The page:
| Risk Factors
Addison's disease is a rare disorder of the adrenal glands. With Addison's, the adrenal glands do not produce enough of the hormones cortisol and aldosterone.
Addison's occurs because of damage to the cortex.
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Addison's disease is the result of gradual damage to the outer layer of the adrenal gland.
This damage may be caused by:
- The body's own immune system attacking the gland—known as an autoimmune disease.
Bleeding within the adrenal glands—related to the use of anticoagulant medications and
- Surgical complication
- Conditions that are present at birth or due to genetic factors such as enzyme defects and familial glucocorticoid insufficiency
- Cytomegalovirus (CMV)
Fungal infections, including:
Cancer including metastases from:
- Medications such as
Chronic illness, including:
Factors that increase your chance of getting Addison's disease include:
Having the following autoimmune diseases:
- Anticoagulant medications
- Abdominal injury
- Family members with autoimmune-caused Addison's disease
Long-term steroid medication treatment, followed by:
- Severe stress
- Previous surgery on adrenal glands
- Hereditary disorders, such as Prader-Willi syndrome and congenital adrenal hyperplasia
Symptoms may include:
- Extreme weakness, fatigue
- Weight loss
- Nausea or vomiting
- Muscle weakness
- Darkening of freckles, nipples, scars, skin creases, gums, mouth, nail beds, and vaginal lining
Emotional changes, especially
- Cognitive impairment or confusion
- Craving salty foods
- Abdominal pain
A severe complication of Addison's disease is the Addisonian or
adrenal crisis. Adrenal crisis is a life threatening disorder, its symptoms include:
- Severe abdominal, back, or leg pain
- Severe low blood pressure
- Severe dehydration
- Severe nausea, vomiting, and diarrhea
- Low blood sugar
- Generalized muscle weakness
The doctor will ask about your symptoms and medical history. A physical exam will be done.
Your bodily fluids may be tested. This can be done with:
- Blood tests
- Urine tests
- ACTH stimulation test
Your doctor may also need images of your bodily structures.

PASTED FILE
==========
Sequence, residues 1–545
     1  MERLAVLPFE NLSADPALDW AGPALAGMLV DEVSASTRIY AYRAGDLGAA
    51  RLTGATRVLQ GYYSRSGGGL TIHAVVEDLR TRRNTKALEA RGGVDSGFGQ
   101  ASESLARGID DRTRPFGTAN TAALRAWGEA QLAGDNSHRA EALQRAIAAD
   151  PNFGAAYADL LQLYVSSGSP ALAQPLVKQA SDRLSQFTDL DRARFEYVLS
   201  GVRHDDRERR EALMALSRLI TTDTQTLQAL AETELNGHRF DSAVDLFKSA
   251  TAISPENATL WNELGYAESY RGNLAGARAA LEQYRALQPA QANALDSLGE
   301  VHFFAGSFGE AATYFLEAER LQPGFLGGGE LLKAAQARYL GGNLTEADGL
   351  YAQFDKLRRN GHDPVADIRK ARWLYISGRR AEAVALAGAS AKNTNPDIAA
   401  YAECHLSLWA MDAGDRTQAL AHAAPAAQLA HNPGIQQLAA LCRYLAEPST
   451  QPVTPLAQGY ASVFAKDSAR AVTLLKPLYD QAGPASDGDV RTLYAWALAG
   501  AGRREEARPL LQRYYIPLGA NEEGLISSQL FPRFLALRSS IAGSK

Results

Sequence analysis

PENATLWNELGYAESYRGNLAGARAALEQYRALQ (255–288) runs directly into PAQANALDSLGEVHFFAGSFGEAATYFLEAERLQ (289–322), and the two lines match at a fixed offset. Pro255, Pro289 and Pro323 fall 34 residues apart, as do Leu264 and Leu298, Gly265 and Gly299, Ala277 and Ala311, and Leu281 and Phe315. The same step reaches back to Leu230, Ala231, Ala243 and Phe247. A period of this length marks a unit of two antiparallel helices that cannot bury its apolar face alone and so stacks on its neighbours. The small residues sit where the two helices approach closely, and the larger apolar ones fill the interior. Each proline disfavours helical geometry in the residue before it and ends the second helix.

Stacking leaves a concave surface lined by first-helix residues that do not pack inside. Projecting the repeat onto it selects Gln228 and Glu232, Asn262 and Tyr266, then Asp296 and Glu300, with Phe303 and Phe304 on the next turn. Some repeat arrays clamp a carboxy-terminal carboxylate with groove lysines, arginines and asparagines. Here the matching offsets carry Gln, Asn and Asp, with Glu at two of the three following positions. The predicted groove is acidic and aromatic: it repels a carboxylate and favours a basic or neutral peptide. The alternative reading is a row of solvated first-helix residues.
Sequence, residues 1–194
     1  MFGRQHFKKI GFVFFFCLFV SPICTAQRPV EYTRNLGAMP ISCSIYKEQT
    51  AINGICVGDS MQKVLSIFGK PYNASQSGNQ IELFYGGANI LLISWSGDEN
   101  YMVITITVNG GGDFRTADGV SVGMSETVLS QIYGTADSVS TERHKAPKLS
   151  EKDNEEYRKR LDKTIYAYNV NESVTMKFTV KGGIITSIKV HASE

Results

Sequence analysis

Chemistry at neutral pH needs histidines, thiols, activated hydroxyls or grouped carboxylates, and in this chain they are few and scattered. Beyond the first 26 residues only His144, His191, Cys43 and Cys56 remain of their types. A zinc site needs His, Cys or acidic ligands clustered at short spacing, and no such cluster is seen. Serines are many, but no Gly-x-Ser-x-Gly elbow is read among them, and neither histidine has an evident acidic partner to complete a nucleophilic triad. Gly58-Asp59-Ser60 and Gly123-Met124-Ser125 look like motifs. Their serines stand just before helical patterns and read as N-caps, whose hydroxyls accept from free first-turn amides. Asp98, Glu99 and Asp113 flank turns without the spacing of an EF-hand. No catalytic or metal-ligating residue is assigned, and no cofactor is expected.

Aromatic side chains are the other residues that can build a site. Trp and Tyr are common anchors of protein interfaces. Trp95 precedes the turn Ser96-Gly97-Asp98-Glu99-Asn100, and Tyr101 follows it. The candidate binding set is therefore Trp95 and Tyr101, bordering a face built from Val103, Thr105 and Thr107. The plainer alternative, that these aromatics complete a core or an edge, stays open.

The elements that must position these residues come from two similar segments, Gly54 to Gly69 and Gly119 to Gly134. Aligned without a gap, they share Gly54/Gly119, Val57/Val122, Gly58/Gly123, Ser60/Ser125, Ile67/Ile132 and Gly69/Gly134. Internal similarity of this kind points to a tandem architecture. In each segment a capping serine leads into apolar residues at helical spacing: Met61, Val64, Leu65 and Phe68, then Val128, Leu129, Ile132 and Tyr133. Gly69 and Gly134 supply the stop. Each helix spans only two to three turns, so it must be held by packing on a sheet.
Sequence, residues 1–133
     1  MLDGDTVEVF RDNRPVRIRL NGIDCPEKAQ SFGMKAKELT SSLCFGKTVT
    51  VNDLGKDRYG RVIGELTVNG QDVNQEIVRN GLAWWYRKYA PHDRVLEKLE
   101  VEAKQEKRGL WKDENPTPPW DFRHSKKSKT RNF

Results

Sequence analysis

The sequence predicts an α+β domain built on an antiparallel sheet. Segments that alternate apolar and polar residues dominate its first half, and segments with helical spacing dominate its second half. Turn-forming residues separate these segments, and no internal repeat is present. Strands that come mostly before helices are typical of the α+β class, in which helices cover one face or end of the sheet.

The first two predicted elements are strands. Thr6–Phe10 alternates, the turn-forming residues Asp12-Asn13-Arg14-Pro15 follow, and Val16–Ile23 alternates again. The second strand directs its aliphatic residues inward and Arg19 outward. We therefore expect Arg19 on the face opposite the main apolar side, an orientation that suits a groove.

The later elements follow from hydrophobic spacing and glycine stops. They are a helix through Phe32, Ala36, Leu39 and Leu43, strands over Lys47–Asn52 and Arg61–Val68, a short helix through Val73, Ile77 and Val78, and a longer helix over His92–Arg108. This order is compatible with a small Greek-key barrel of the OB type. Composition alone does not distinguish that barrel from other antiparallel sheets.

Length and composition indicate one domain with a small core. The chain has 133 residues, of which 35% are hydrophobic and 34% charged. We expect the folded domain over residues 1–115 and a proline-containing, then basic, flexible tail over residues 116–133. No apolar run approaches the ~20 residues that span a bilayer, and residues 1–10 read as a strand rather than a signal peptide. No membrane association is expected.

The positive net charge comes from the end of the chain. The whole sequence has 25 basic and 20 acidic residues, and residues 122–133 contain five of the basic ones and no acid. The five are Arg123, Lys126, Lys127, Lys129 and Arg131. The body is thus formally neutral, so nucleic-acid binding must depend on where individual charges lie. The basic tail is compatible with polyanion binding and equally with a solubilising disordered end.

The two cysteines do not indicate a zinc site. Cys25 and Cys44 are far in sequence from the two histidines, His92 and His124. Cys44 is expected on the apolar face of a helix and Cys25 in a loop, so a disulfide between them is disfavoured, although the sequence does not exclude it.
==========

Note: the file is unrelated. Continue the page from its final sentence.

This can be done with:
Symptoms of Addison's disease can be controlled with medications. These drugs replace the missing hormones. Medication needs to be taken for the rest of your life. They may need to be increased during times of stress.
Immediate treatment of adrenal crisis includes:
- Self-injection of dexamethasone
- Hydrocortisone by IV
- Normal saline by IV
Surgery may also be needed for adrenal tumors or brain tumors causing the disease.
Regular blood tests are needed to monitor your response to medicine. Wear a medical alert bracelet that states adrenal insufficiency or Addison's disease. This will let others know of your condition if you are unable to communicate.
There are no guidelines for preventing Addison's disease. If you think you are at risk, talk to your doctor.
Addison's disease. National Institute of Diabetes and Digestive and Kidney Diseases website. Available at:
http://www.niddk.nih.gov/health/endo/pubs/addison/addison.htm. Updated April 6, 2012. Accessed June 25, 2013.
Adrenocortical insufficiency. EBSCO DynaMed website. Available at:
http://www.ebscohost.com/dynamed/what.php. Updated May 29, 2013. Accessed June 25, 2013.
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Last reviewed June 2013 by Kim Carmichael, MD; Michael Woods, MD
Please be aware that this information is provided to supplement the care provided by your physician. It is neither intended nor implied to be a substitute for professional medical advice. CALL YOUR HEALTHCARE PROVIDER IMMEDIATELY IF YOU THINK YOU MAY HAVE A MEDICAL EMERGENCY. Always seek the advice of your physician or other qualified health provider prior to starting any new treatment or with any questions you may have regarding a medical condition.
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